The bright flower clusters are followed by adzuki pods or the fruit of the adzuki plant. These cylindrical pods are smooth, thin-walled, and green while they’re still young.
As the fruit matures, it turns pale yellow or brown. They can have a length of 2 to 5 inches (about 5 – 13 cm) and a width of 0,2 inches (about 0.5 cm), with 2 – 14 seeds in each pod. Young pods are tender, and you can harvest and consume them while they’re still green on the vine.
The bright red seeds are the main attraction of the adzuki vine. Though they’re commonly red or maroon, you can also find them in other colors, like green, black, straw-colored, and mottled. They’re smooth and cylindrical, with a protruding ridge along the side with a seed scar.
In What Conditions Does Adzuki Bean Like To Grow In?
Adzuki beans aren’t just healthy for you but also for your landscape. Its unique nitrogen-fixing abilities nourish the garden for your future crops.
One of its reasons for cultivation is to produce green manure.
The growing requirements for adzuki beans are quite like soybeans. Though they’re easy to grow, they’ll take a long growing season.
From sowing the seeds to harvest, it takes about 120 days for the adzuki plant to mature. If you’re planning to grow adzuki beans, here’s what you need to know:
What Temperature Adzuki Beans Tolerate?
The ideal growing temperature for adzuki beans lies in the range of 60 – 90°F (about 15,5 – 32°C), the same as for soybeans. To plant the seeds, wait until after the last spring frost, once the soil temperatures exceed 60°F (about 15,5°C).
While the seeds will sprout in 10 to 14 days with soil temperatures above 60° (approximately 15,5°C), germination can take over 20 days at temperatures between 50°F – 55°F (about 10 – 13°C). Cold, wet soil also makes the seeds susceptible to rotting, so be careful with that!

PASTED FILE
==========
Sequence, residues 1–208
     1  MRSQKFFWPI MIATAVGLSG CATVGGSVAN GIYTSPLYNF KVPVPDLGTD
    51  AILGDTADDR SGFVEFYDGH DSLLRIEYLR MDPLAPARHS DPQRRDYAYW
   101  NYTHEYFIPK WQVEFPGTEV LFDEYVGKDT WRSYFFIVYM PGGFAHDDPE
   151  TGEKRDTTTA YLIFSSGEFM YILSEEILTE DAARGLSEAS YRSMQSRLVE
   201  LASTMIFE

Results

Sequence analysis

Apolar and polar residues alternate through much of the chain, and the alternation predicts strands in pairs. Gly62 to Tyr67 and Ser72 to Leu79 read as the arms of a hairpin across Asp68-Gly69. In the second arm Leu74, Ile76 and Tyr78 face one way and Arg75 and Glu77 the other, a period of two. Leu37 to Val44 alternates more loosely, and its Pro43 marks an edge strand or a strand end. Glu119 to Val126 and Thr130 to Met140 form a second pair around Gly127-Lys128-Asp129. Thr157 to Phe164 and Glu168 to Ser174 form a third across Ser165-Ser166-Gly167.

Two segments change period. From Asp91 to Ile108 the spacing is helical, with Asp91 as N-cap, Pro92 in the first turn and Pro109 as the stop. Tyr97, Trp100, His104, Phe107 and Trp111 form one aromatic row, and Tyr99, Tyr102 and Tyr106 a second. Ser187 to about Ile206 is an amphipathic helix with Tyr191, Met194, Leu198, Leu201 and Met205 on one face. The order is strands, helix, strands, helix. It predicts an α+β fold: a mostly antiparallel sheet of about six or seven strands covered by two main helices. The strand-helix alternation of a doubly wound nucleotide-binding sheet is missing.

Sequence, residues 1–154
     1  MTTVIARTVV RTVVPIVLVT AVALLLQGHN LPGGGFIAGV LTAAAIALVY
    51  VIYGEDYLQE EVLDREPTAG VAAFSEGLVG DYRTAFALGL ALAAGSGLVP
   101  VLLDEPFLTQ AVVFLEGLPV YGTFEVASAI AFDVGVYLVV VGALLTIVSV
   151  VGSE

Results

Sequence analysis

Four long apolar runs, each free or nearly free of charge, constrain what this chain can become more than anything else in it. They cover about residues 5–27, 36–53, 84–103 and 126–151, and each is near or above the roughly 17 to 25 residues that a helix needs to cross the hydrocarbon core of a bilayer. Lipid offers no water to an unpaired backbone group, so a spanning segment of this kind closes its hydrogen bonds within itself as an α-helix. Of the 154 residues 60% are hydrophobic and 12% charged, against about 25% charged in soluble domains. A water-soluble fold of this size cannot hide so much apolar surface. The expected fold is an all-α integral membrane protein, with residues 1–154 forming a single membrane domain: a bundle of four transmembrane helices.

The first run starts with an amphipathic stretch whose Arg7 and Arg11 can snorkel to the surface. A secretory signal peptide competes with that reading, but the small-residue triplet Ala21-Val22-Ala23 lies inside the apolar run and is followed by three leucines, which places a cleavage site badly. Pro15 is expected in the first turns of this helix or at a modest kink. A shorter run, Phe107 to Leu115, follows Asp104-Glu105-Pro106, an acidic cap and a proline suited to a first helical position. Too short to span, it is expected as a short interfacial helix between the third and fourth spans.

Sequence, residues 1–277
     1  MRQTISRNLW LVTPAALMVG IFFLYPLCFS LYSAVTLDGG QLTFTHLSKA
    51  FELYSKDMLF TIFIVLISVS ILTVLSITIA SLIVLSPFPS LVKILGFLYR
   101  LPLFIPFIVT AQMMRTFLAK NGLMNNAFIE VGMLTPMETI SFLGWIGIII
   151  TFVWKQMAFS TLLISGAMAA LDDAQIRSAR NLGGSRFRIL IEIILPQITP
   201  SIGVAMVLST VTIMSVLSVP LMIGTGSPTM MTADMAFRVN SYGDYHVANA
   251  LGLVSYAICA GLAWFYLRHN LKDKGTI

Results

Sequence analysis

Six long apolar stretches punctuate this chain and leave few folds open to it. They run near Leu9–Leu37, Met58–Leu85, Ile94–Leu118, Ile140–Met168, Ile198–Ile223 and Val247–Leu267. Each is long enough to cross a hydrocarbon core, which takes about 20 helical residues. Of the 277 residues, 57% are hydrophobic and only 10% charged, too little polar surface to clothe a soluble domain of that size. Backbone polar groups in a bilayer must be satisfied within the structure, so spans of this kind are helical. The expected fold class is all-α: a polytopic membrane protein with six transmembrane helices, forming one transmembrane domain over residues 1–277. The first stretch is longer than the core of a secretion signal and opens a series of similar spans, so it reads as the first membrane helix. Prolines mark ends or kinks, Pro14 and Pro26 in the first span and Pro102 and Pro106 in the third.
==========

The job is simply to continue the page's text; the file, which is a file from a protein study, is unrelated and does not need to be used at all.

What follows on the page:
What Type Of Soil Is Best For Growing Adzuki Beans?
Plant adzuki beans at a site that gets plenty of sun throughout the day. Loose, well-drained, neutral to slightly alkaline soil rich in organic matter is ideal for growing adzukis. Good drainage is essential for healthy plant growth since adzuki vines can’t tolerate waterlogged soils.
Water And Fertilizing
Keep the soil evenly moist but not soggy. Adzuki beans are prone to rotting if they’re growing in waterlogged soil. Also, always remember to water at the base while keeping the foliage dry. This will prevent the plant from rotting and getting other plant diseases.
Fertilize the plants with a low-nitrogen fertilizer once the plants are about 4 to 5 inches (about 10 to 13 cm) tall. And once they bloom, give a second dose. Avoid using nitrogen-rich fertilizers since they’ll promote the growth of foliage at the expense of pods production.
Is It Safe To Eat / Consume Adzuki Beans?
With plenty of proteins, fibers, and minerals, adzuki beans pack bundles of health benefits, including weight loss, heart health, reduced risks of diabetes, and kidney health. Since they’re rich in proteins, adzuki beans make an excellent meat substitute for vegetarians.
But, is it safe to consume adzuki beans if you have a medical condition or if you’re pregnant? Is it safe for children? What about pets? Let’s find out.
Pregnant And Breastfeeding Women
Adzuki beans are good for women, especially during pregnancy. They’re rich in folic acid and can reduce the risks of neural tube defects, making sure your baby is healthy and strong. And that’s not all! They’re also safe for nursing moms.
Adzuki beans are a healthy addition to children’s diets. They are also a part of excellent baby food, but you may want to remove the skin before feeding it since it can cause choking.
But, keep in mind that if your baby is allergic to soy, there’s a possibility that they’re also allergic to adzuki.
People With Allergies
Though adzuki is not a common allergen, it’s related to soybeans, so if you’re allergic to soy, you may want to consult a doctor before consuming adzuki. Some people with legume allergies are sensitive to certain types of legumes. Symptoms include vomiting, rash, itching, and hives.
People With Diabetes
Since it has a low glycemic index, it’s an excellent plant to eat if you have diabetes.
Though very healthy for humans, adzuki beans are poisonous to dogs. Please keep your pets safe and avoid offering them beans from your plate.
Featured image credit – © zcy – stock.adobe.com